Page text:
May 4, 2016
With the season around the corner, and the owner’s launch date a week or so hence, we made arrangements to get together and install the new sail track systems on both masts. Earlier, we’d done all the required measuring, obtaining the internal track size specifications and overall lengths for the two tracks, and the owner had subsequently ordered them. With the masts removed from their indoor storage shed by the boatyard, we could wrap up the installation. I took few pictures, unfortunately, remembering only at the end when the tracks were complete.
Along with the new track on the mizzen mast, the owner wanted to lower the gooseneck (and therefore the boom) for easier access from the cockpit. The boom height had been surprisingly (and, frankly, inconveniently/dangerously) high from a practical standpoint, making furling and covering the sail a real hassle, and with ample headroom beneath, there was no reason other than aesthetics (the mizzen boom height, as original, was sort of tied in with the main boom height so they looked visually level) not to lower the boom. Since the old mizzen sail was a rag in poor condition, and lacking battens, the owner wanted a new sail made anyway, so it was the perfect opportunity to move the boom height.
I started by removing the mizzen gooseneck, as its existing position was in the way of the track. Then, I had to use a Dremel tool to open up the mast slot a couple feet above the gooseneck, where the track would actually be installed; the existing slot was too short by half, and was open only on one side of the slot. I’d opened up part of a slot on the mainmast much earlier, in order to fit one of the old sail slides at the time, so I was already familiar with the process. Fortunately, the cutting went well and quickly, and we were soon able to install the track in accordance with the instructions. The installation went swimmingly, and afterwards, I reinstalled the gooseneck a foot or so lower, at a location we’d determined previously. We’d carefully measured the track so the track as provided was the exactly correct length.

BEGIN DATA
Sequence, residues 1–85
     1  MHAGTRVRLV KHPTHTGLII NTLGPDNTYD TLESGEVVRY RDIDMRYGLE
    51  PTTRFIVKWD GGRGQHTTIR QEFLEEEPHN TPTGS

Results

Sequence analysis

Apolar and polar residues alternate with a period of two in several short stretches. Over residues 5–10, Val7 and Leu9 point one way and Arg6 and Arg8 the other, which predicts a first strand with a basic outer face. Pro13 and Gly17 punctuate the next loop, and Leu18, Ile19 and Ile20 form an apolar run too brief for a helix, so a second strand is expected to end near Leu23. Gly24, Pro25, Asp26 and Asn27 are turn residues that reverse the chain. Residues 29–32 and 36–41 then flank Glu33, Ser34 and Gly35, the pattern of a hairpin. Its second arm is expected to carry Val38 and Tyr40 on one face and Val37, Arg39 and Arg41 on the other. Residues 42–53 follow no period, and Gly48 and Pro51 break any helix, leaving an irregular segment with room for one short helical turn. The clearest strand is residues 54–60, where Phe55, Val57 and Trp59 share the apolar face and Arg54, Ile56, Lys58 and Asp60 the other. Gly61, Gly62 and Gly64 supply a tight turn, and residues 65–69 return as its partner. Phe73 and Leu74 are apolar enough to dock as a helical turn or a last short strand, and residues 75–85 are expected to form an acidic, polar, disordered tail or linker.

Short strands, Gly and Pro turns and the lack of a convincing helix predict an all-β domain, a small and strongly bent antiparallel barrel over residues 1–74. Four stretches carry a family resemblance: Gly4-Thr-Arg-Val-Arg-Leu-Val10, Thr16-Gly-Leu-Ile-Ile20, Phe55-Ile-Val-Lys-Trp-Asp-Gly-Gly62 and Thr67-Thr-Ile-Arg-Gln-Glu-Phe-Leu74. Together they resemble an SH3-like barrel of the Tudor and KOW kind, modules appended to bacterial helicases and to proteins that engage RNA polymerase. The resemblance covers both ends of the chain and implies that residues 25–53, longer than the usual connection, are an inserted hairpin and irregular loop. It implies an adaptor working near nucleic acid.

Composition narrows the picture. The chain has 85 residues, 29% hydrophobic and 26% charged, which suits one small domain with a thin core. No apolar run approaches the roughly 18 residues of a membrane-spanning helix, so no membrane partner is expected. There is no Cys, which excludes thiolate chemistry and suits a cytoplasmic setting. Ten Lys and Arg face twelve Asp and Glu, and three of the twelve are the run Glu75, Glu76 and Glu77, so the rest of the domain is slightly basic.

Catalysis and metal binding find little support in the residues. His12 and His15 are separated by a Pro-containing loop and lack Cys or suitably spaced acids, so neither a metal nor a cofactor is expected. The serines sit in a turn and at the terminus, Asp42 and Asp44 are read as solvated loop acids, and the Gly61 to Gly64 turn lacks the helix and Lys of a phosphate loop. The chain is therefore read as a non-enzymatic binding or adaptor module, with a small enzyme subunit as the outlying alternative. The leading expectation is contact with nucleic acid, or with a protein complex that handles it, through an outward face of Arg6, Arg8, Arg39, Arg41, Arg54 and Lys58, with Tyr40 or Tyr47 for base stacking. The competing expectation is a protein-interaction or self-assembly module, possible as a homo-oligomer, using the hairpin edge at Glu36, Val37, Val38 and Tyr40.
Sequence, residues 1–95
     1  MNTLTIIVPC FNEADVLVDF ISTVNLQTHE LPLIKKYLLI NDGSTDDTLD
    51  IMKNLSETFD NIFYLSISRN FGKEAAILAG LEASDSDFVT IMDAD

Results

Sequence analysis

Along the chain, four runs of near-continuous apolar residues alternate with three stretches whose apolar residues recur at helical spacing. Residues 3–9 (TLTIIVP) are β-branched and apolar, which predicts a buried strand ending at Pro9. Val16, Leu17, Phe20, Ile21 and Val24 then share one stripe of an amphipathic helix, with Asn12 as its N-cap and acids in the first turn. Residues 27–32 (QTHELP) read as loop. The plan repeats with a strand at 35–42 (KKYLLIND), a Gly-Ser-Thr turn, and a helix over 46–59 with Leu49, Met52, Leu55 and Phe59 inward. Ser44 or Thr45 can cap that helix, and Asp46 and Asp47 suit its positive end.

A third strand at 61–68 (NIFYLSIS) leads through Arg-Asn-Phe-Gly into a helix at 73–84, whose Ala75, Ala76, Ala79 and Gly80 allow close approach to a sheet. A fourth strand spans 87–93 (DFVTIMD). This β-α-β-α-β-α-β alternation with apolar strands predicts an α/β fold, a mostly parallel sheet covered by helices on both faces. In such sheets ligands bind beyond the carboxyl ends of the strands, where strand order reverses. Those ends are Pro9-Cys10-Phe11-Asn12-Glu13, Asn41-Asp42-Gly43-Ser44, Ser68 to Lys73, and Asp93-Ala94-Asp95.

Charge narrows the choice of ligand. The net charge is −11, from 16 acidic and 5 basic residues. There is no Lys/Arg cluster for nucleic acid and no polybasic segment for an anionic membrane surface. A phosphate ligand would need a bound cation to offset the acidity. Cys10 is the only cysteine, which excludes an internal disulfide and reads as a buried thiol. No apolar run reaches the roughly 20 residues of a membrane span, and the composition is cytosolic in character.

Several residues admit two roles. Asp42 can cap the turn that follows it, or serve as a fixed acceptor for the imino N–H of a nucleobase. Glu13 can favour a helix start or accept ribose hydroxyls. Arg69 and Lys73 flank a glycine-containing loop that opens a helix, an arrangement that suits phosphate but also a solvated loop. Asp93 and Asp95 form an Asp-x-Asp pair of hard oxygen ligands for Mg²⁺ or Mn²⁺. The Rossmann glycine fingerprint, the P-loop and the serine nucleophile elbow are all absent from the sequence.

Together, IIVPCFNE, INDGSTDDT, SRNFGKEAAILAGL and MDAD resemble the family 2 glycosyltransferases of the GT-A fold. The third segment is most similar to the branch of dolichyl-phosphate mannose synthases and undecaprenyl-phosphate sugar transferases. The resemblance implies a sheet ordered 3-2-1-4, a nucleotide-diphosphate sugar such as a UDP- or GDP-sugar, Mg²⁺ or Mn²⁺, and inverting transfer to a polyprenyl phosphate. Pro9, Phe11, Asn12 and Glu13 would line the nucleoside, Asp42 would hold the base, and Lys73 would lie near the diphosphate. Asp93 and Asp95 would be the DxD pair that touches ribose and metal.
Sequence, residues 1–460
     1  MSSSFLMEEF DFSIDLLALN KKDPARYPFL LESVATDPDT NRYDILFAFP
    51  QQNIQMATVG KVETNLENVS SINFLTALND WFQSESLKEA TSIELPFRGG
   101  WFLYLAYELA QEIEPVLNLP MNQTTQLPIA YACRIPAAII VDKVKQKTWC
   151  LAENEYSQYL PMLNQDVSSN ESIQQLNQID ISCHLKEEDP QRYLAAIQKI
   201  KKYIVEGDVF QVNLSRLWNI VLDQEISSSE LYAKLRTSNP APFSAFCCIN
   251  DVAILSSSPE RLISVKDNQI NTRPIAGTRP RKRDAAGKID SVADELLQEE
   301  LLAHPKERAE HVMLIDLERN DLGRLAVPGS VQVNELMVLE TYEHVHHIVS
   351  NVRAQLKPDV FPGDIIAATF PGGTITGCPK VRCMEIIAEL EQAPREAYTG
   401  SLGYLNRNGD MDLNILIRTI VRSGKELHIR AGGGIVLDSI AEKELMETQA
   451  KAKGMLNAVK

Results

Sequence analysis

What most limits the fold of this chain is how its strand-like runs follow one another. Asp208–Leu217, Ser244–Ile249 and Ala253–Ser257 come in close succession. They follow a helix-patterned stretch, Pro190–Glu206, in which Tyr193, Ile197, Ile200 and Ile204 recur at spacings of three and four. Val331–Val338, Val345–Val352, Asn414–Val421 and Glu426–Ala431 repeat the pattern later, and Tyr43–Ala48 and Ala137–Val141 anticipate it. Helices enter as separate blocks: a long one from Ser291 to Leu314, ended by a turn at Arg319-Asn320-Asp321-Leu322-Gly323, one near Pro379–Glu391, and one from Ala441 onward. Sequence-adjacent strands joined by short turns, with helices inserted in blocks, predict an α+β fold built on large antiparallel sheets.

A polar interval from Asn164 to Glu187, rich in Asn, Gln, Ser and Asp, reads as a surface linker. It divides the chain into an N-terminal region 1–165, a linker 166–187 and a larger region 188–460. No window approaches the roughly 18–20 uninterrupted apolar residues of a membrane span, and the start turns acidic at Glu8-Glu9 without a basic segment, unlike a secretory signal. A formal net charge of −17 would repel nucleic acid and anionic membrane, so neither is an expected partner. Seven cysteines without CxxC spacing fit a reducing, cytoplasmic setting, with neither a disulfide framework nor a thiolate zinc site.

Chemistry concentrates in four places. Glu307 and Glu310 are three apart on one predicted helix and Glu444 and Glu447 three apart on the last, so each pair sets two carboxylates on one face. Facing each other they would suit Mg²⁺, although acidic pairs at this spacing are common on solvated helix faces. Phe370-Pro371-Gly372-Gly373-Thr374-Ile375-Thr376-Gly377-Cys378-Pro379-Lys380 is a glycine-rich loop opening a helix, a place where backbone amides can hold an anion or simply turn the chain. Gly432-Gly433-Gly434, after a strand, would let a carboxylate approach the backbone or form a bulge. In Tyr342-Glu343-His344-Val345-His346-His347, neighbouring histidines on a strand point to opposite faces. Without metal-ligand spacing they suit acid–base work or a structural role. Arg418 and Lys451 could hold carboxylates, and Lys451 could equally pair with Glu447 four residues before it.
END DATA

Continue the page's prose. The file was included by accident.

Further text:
Moving on to the mainmast, I also had to open up the second side of the existing track slot, as this one was open only on one side as well. With that complete, we installed the track, which went just as well as the smaller one on the mizzen mast. I didn’t have to remove the gooseneck in this case. Overall, the installation on both masts, including setup and opening the mast slots as needed, went much more quickly than I’d ever hoped, taking only about two hours.
I wrapped up my end of this project with a couple odds and ends, including restringing the top line of the main’s lazy jack system, which I’d rigged incorrectly the year before, and installing some new registration numbers on the bow for the owner.
Total time billed on this job today: 2.5 hours
0600 Weather Observation:
45°, cloudy. Forecast for the days: clouds, maybe a shower, high in the low 50s or upper 40s